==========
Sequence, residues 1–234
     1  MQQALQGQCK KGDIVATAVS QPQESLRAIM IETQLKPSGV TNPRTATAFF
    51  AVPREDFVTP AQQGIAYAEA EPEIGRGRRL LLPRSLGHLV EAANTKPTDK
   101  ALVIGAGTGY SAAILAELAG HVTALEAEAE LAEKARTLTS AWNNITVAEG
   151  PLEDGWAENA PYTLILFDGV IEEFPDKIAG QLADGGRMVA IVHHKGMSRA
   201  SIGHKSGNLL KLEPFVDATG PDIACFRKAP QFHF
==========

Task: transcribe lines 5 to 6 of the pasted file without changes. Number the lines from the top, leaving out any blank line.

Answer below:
   151  PLEDGWAENA PYTLILFDGV IEEFPDKIAG QLADGGRMVA IVHHKGMSRA
   201  SIGHKSGNLL KLEPFVDATG PDIACFRKAP QFHF